Cover image for Cold Tom
Cold Tom
Prue, Sally.
Personal Author:
First American edition.
Publication Information:
New York : Scholastic Press, 2003.

Physical Description:
187 pages ; 23 cm
Struggling to find a place for himself, Tom flees the elven parents who hunt to kill him and becomes involved with human "demons" in the nearby city.
General Note:
Originally published: Oxford, England : Oxford University Press, 2001.
Reading Level:
580 Lexile.
Program Information:
Accelerated Reader AR MG 4.4 4.0 70134.

Reading Counts RC 6-8 6.1 9 Quiz: 33264 Guided reading level: V.
Format :


Call Number
Material Type
Home Location
Central Library X Juvenile Fiction Central Closed Stacks

On Order



Part human, part elfin, young Tom struggles to find a place to call home in this striking debut fantasy novel.

Tom is both elfin and human, and running for his life. Cast out from the elfin Tribe, he must hide among the hated humans, whom the Tribe call "demons." Tom's Tribe-half seeks freedom and thrives on a connection with nature which lets him "call on the stars" and turn invisible when in danger. But Tom's human side is emerging, and he is confused and appalled by this change. For he fears the twining emotional bonds, which he sees literally as vines, that bind one human to another. But when he is helped by a kind "demon" girl, it is these strong bonds that save him-and draw him to his true home.

Reviews 3

Booklist Review

Gr. 4-8. Tom's comparatively poor vision and hearing have made him a danger to his Tribe, who begin to hunt him. An outcast from his own people, he leaves the forest and flees to the nearby city, where loutish demons pursue him and a well-meaning female demon imprisons him. As the story unfolds, Tom's point of view is interspersed increasingly with that of Anna, Joe, and Edie, demons who attempt to help him as best they can, though he does not perceive their actions as in that light. Originally published in England as Cold Tom, this unusual novel creates a strong sense of "otherness" between two cultures and markedly different points of view on the same events. Readers may even experience a shock of revelation when they first recognize the familiar described from an alien viewpoint. With a bracing, involving story and satisfying ending, this first novel will intrigue readers who like stories set at the intersection of fantasy and reality. Book was renamed Cold Tom. --Carolyn Phelan Copyright 2003 Booklist

Publisher's Weekly Review

British author Prue makes a noteworthy debut with this highly polished novel about a boy rejected from his elfin "Tribe." Even beautiful Sia, who "calved" him, and skilled hunter Larn, his "sire," mock Tom for his seemingly feeble senses and his carelessness. Convinced that their son has "demon" (human) characteristics that threaten the tribe, Sia and Larn decide to kill him. But Tom runs away and ends up in the city of the demons, which "smell[s] like death." Tom stumbles into a hut, where he meets a gentle girl named Anna who is hiding from her bullying half-brother. Tom begins to see, as a literal tangle of vines, the bonds that tie together these demons, whom he finds both cruel and inextricably linked to each other. Although he has the ability to temporarily stave off trouble by "calling on the stars" and becoming invisible, Tom eventually realizes he is at the mercy of the imperfect demons, especially Anna, if he hopes to save his life, but he must compromise freedom for his connection to her. Prue gracefully layers her writing, weaving in references to the ballad of Tam Lin. The lyricism of her prose, combined with the startlingly raw and sympathetic views of human behavior, makes her novel both original and gripping. Ages 10-up. (June) (c) Copyright PWxyz, LLC. All rights reserved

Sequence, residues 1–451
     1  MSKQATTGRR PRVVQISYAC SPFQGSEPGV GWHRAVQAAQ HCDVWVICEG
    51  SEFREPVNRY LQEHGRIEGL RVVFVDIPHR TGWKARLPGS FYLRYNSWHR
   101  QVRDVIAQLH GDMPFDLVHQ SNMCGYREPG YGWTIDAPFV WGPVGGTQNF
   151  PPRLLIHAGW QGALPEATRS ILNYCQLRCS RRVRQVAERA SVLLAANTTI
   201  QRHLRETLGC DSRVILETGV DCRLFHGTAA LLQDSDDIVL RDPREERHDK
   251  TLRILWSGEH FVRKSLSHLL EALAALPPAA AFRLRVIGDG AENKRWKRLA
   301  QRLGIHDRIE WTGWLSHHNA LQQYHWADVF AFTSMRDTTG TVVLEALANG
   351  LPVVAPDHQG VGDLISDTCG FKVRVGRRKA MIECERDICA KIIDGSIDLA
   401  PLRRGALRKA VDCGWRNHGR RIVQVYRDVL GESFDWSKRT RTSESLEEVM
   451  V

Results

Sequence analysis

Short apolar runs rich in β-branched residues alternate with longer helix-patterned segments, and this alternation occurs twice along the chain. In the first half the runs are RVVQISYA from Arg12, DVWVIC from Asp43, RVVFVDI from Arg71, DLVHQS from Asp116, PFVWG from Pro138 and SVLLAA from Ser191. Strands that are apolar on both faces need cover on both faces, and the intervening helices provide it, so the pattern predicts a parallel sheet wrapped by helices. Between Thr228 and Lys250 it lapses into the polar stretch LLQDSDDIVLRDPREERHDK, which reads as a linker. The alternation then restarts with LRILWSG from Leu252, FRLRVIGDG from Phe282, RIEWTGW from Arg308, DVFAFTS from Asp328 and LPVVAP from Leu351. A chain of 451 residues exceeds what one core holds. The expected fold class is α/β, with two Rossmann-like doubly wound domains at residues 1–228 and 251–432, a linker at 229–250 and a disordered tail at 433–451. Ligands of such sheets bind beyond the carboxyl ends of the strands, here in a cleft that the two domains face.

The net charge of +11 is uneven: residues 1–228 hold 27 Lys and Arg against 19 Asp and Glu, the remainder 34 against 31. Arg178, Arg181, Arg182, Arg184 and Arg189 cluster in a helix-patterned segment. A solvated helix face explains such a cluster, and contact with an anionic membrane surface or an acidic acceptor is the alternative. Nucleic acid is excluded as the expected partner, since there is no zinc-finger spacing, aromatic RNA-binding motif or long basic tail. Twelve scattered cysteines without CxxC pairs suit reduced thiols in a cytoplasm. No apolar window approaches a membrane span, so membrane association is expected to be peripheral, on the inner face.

School Library Journal Review

Gr 5-8-Tom is different from the other members of his Tribe, and when his lack of grace and sensitive hearing endanger the rest of the elfin community, he is forced to run away. He enters the demons' city, a horrible and dangerous place, especially since he is losing his ability to become invisible. Readers quickly learn that demons are humans, and the main threat they pose is the "vines" of affection and interpersonal relationships. When Tom hides in a shed, he is discovered by Anna, who tries to help him, and her half-brother Joe, who wants to study his behavior. When Tom's hiding place is destroyed, he is rescued by Anna's nosy neighbor Edie, who has secrets of her own. In a chilling and dramatic confrontation, the humans try to save Tom from the Tribe, letting human affection oppose its magic. Prue uses the legend of Tam Lin, as presented from the opposing points of view, to add depth to this intriguing fantasy, and her sure characterization and careful pacing will grab even reluctant readers' attention. Tom's perceptions and thoughts allow information about the Tribe and the "demons" to be developed naturally and gradually. Tension between Anna and Joe adds to the story, and the conclusion stays true to the bittersweet tone of the story. A thoughtful and engaging fantasy that explores multiple real-life themes while telling a compelling story.-Beth L. Meister, Yeshiva of Central Queens, Flushing, NY (c) Copyright 2010. Library Journals LLC, a wholly owned subsidiary of Media Source, Inc. No redistribution permitted.

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